A woman stands among a field of steel parts. A man sits between oversized, organically shaped cylindrical objects. Another works on an enormous steel wheel, while someone else appears like a tiny speck in the center of this immense wheel. In looking at these images, one is reminded more of the utopian scenes from Fritz Lang’s Metropolis than what is actually being observed: the arduous, everyday life inside the factories of the GDR.
In casting machines in an almost cinematic light, Ludwig Schirmer has created enigmatic images. Who is the master of whom? Have the machines taken control of man?
The individuals standing alongside the constructions of metal, steel, and iron almost seem like mere accessories. In several images, the women and men look absent-minded or apathetic, in others they appear to be merging together with their work equipment. Nevertheless, the individuals are indispensable. The tension in the images is generated mainly by the relationship between man and machine. Schirmer also perfectly highlights this interplay with artificial lighting.
All of these photographs were taken between the 1960s and 1970s in a variety of companies in the GDR. The locations can no longer be reconstructed with certainty, but they range from heavy industry factories to the processing industry.
Ludwig Schirmer (1929–2001) worked in the GDR as a successful advertising photographer. He came to photography indirectly: as a trained master miller he taught himself photography. He went on to receive numerous commissions from major trade fairs, foreign trade companies, and industrial combines. Ostensibly, he had access to the otherwise non-public industries through his advertising work. In the GDR, the entire economic sector, including all industrial companies, was under state control. All means of production and products were state property. However, this is not really a factor in Schirmer’s images. He was primarily interested in the form and aesthetics of the machines and products. Only one detail gives away something about the actual world of work in the socialist state: the extraordinarily high proportion of women working in industry. In 1970 in the GDR this rate was 41%.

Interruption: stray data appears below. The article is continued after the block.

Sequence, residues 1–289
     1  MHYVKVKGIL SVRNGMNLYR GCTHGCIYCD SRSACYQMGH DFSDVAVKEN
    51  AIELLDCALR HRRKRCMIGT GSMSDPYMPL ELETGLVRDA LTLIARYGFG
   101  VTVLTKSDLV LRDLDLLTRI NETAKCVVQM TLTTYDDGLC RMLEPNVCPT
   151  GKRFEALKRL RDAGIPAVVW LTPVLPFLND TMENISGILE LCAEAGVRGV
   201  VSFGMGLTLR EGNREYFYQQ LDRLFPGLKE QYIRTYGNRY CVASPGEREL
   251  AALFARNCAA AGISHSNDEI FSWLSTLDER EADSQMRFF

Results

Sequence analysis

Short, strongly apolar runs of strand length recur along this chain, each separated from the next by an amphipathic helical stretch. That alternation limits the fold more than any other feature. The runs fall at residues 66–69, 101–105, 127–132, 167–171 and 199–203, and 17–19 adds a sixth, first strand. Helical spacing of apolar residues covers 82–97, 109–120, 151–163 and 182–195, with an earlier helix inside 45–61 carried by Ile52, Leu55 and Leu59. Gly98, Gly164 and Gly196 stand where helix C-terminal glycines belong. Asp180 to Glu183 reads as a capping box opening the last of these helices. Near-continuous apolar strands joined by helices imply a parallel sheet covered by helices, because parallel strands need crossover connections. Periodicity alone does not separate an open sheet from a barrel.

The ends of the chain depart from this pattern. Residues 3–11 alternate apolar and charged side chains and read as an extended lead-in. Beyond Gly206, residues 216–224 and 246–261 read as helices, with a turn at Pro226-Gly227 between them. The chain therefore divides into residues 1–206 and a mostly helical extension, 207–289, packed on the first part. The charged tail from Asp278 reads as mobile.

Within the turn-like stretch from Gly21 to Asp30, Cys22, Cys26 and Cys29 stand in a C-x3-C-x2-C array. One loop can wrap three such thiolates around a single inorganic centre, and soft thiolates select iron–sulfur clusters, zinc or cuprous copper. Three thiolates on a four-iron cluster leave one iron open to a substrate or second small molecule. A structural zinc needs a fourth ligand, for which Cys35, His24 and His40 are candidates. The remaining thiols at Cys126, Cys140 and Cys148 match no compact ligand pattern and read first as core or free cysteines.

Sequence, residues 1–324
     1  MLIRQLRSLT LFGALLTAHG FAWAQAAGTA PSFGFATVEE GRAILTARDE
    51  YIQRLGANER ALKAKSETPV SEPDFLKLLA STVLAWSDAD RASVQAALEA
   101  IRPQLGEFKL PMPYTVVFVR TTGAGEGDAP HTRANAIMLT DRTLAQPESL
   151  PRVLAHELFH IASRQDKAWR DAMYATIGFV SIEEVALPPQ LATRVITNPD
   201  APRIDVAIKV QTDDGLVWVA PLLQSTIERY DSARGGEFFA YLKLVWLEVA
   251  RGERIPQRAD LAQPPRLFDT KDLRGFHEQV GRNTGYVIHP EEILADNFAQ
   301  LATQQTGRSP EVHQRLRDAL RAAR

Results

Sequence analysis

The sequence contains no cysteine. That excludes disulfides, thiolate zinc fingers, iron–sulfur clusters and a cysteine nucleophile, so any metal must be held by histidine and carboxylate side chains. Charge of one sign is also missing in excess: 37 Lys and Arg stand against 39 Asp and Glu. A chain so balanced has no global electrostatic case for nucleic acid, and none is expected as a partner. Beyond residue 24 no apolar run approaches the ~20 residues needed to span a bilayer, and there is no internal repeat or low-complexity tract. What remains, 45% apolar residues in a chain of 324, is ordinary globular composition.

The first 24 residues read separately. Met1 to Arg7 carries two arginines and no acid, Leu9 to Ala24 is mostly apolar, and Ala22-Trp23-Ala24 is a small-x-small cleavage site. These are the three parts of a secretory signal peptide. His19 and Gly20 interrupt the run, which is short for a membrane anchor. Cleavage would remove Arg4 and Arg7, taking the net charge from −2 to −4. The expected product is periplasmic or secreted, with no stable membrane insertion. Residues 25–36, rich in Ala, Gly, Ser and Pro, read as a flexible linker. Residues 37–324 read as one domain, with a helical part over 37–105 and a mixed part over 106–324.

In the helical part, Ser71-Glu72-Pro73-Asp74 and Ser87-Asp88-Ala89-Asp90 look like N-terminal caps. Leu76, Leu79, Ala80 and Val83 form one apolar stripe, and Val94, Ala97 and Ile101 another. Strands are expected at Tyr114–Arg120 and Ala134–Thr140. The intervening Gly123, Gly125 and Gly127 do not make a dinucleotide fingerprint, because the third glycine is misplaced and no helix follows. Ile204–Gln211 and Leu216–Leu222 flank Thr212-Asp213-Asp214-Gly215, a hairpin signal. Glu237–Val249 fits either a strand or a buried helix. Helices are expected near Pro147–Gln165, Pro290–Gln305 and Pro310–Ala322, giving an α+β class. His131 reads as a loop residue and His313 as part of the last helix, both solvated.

To a certain extent, Ludwig Schirmer’s black-and-white photographs recall social documentary photography. However, this was not his intention with these images. He was not interested in documenting the condition of the factories or in making workers’ portraits. Also, Schirmer was not a press photographer. The cinematic staging of the images bears witness to this. He was primarily interested in getting the best photograph possible.
In addition to staged factory shots, a small selection of portrait photographs can be seen. Here, man in his role as worker of either gender is the focus. Individuals are presented in their immediate work settings. Similar to August Sander’s early twentieth-century portraits of society, these are typological studies that reveal much more about social and political circumstances than the individual’s personality or characteristics.
The photographs of industrial factories presented in the exhibition were unknown for many years. His daughter Ute Mahler – also a photographer – discovered them only after his death. Along with countless other photographs, these images were found on 35mm negatives and large-format negatives, which Ute Mahler used to make new prints. The Galerie für moderne Fotografie has presented two previous exhibitions of Ludwig Schirmer’s works in the spaces of Central Gallery Berlin: Die Allee. Fotografien von Ute Mahler und Ludwig Schirmer, 2015 as well as Das Baukastensystem. Fotografien von Ludwig Schirmer, 2017.
Text: Cornelia Siebert
Jan 26 — March 17, 2018
Aino Laberenz, Amira Fritz, Atlanta Rascher, branimir, Camille Vivier, Frederike Helwig, Katja Rahlwes, Kristin Loschert, Lottermann and Fuentes, Simone Gilges, Ute Mahler
March 23 —
April 22 extended until May 26, 2018
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